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Motor Coach Industries

Motor Coach Industries
Private company
Industry Transportation
Founded 1933
Headquarters Des Plaines, Illinois, United States
Products Buses and Coaches
Owner KPS Capital Partners
Number of employees
Website Motor Coach Industries

Motor Coach Industries International Inc. (MCII) is an American bus manufacturer based in Des Plaines, Illinois, and is a leading participant in the North American coach bus industry. It has various operating subsidiaries:

  • Motor Coach Industries, Ltd. – Canadian manufacturing facility, located in Winnipeg, Manitoba.
  • Motor Coach Industries, Inc. – U.S. manufacturing facility, located in Pembina, North Dakota.
  • MCI Sales and Service, Inc. – U.S. new and pre-owned coach sales division.
  • MCI Service Parts – aftermarket parts sales division of the company, based in Des Plaines, Illinois, with its distribution center located in Louisville, Kentucky, with close access to the international UPS distribution center.
  • MCI Financial Services – coach financing division, based in Dallas, Texas.

Originally founded in 1933 in Winnipeg, Manitoba, Canada, in 2008 the company filed for Chapter 11 bankruptcy protection. After various changes of structure and ownership, the business is now owned by KPS Capital Partners, LP; in September 2010 they completed a controlling investment, through an affiliate, in MCII Holdings Inc., the parent company of MCII.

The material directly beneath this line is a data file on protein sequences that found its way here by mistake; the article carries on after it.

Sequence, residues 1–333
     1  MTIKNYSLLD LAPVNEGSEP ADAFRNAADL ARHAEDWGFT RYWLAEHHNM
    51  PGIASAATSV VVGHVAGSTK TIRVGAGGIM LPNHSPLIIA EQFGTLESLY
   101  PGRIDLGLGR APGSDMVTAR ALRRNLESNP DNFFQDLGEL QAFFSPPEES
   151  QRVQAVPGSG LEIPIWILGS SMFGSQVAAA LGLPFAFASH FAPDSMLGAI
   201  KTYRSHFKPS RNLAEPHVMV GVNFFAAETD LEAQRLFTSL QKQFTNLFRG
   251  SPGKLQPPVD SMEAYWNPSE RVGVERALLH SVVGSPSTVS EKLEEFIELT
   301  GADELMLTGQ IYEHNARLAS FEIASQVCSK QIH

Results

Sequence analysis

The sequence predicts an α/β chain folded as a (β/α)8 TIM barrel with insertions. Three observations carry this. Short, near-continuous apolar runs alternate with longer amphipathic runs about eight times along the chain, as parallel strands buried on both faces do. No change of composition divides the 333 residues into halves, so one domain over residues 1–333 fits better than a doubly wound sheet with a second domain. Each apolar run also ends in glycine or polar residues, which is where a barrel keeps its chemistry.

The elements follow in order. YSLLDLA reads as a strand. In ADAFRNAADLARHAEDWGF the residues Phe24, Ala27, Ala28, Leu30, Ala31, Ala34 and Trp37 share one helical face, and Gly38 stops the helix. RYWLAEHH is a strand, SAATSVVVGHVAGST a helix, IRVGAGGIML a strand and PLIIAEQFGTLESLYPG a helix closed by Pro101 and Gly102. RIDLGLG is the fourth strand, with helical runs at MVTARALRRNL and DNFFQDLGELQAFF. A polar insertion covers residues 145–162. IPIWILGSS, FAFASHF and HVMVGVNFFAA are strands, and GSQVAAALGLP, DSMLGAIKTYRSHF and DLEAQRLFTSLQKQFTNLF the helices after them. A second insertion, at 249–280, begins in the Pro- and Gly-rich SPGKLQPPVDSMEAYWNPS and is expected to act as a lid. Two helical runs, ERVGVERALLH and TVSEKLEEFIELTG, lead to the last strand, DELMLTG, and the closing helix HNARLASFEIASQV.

• History 1
    • 1994 MCI's share sold / Introduction of the Mexican HTQ technology and Luxury Coaches by DINA S.A. 1.1
    • 2008 Emergence from Chapter 11 Bankruptcy / Ownership by KPS Capital Partners, LP 1.2
  • Partnership with Daimler AG 2
  • Models 3
    • Current 3.1
    • Past 3.2
      • Letter series (post-1985) 3.2.1
      • MC series (1958–1998) 3.2.2
      • Courier series (pre-1960) 3.2.3
    • Transit (all discontinued) 3.3
  • References 4
  • External links 5


The company was incorporated in 1933 as Fort Garry Motor Body and Paint Works Limited, in Winnipeg, Manitoba, Canada by Harry Zoltok.[1] In 1948, Greyhound Lines of Canada, at that time MCI's major customer, became a majority shareholder when it purchased 65% of the company. MCI was purchased outright by Greyhound Lines in 1958. In 1963 a new plant was opened in Pembina, North Dakota to increase capacity as MCI began to expanded into the U.S. market, while Greyhound widened its operations and switched increasingly from GMC to its own in-house products. In 1974 another plant was opened in Roswell, New Mexico under the title Transportation Manufacturing Corporation (TMC).

In December 1986, Greyhound was split, with Greyhound Lines being sold to an investor group, and Greyhound Lines of Canada, MCI and TMC remaining part of The Greyhound Corporation, which was renamed Dial, Inc. in 1991.